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Drafting in Discussion Board


The first sequence in the freshman comp curriculum is rhetorical analysis. Not only did this sequence begin the semester, it was scheduled to be completed in 4-5 weeks. Based on past experience, I had two major concerns: first, that students would resist revision and their final draft would nearly mirror their first; second, that students’ first drafts would be extended summary “beefed up” (as students often say) with clichés and personal opinion. I understood their resistance to deleting and rewriting content due to their concerns with reaching the minimum page count. Therefore, I decided to begin the drafting process in discussion board, hoping they would be more open to substantive revision through the tool’s edit feature in Blackboard.

In the first post, students were asked to select the text they wanted to analyze from the five available options. They were also asked to choose a lens as the focus of their analysis – I did this to avoid “this is an example of ethos / pathos / logos” and the 5-paragraph essay trap. They were asked to begin with the following sentence:

              I am interested in how ___________ works rhetorically.

They were to fill in the blank with one of the following lenses: time, gender, race, narrative, authority (based on readings from Jimmie Killingsworth’s “Appeals in Modern Rhetoric . . .” and previous class discussions).

They were asked to use this sentence to begin their first paragraph. They were also instructed to avoid mentioning the text they were going to analyze in this paragraph – instead they had to introduce their initial understanding regarding how this lens functions as a rhetorical appeal. This was intended to avoid their tendency toward extended summary or opinion based on the topic of the text as opposed to analysis.

In the second paragraph, I asked them to analyze word choice and present a sub-claim that supported the thesis in their first paragraph regarding the rhetorical lens they were interested in analyzing. They were instructed to formally introduce the text and author, then use a direct quote of a single word from the text as an example to prove their point. Following this quote, they were asked to explain how a single word works rhetorically and appeals through the lens expounded upon in the first paragraph. Following this analysis, they were instructed to reveal the rhetorical effectiveness (or ineffectiveness) in this particular example as generalizable.

In the third paragraph, I asked them to draw conclusions based on their short analysis in the second paragraph, not only connecting to but expanding their thesis and revealing the purpose of rhetorical analysis.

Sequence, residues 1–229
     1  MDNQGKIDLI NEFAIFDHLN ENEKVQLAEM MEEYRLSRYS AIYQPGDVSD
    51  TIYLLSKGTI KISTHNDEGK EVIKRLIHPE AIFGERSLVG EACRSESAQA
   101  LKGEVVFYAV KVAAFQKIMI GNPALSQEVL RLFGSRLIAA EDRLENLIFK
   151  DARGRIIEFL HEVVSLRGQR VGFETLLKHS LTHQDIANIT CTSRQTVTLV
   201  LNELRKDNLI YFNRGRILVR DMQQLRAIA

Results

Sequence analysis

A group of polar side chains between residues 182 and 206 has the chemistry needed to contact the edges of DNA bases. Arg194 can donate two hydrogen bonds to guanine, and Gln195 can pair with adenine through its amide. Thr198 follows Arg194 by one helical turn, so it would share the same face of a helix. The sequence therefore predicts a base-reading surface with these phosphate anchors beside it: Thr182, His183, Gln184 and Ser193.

The fourth paragraph was reflective. They were asked to reveal the rhetorical situation and the significance of their research steps in contextualizing the argument of the sample text. They were also asked to consider why this information is important for their reader to understand the analysis and to consider what they should include and where should it appear (before or after the analysis paragraph).

In the following class, students were grouped according to common text chosen for analysis. Following a demonstration, they worked together to create a list of rhetorical techniques and examples based on a small section of the text and a starter list of devices (metaphor, antithesis, parallelism, etc.). I worked with each group individually. The discussion that followed was surprisingly dynamic! At the end of class, I presented the next discussion board assignment and demonstrated how to use the editing features.

The prompt was changed for the second discussion board assignment.

  • First, students were asked to compose a paragraph formally introducing the text for analysis, identifying the author and providing a brief summary.
  • Second, students were asked to revise the paragraph discussing the rhetorical lens for their analysis, explaining its relevance to the text they are analyzing and presenting their thesis.
  • Third, students were asked to compose a paragraph analyzing the rhetorical situation and to provide a road map of the analytical discussion to follow.
  • Fourth, students were asked to add five more paragraphs of analysis (in addition to their analysis of word choice from the first post).

I did not ask them to revise their conclusions. Instead, in the following class we discussed what was lacking in the conclusions. We worked together on an example that I provided, focusing on style, organization, and transitions. Then they worked with a partner, revising their posts in real time.

Their homework was to continue the process then cut/paste it into a word document, doing their best to format according to MLA 8th edition. From this point we focused on formatting and quote framing. Students much less resistant to deleting content that was not working, adding or changing the rest, in the discussion board and ended up with a full first draft that met or exceeded the minimum page count. They were also excited about how easily their first major paper came together and experienced writing as a process in a direct and purposeful way.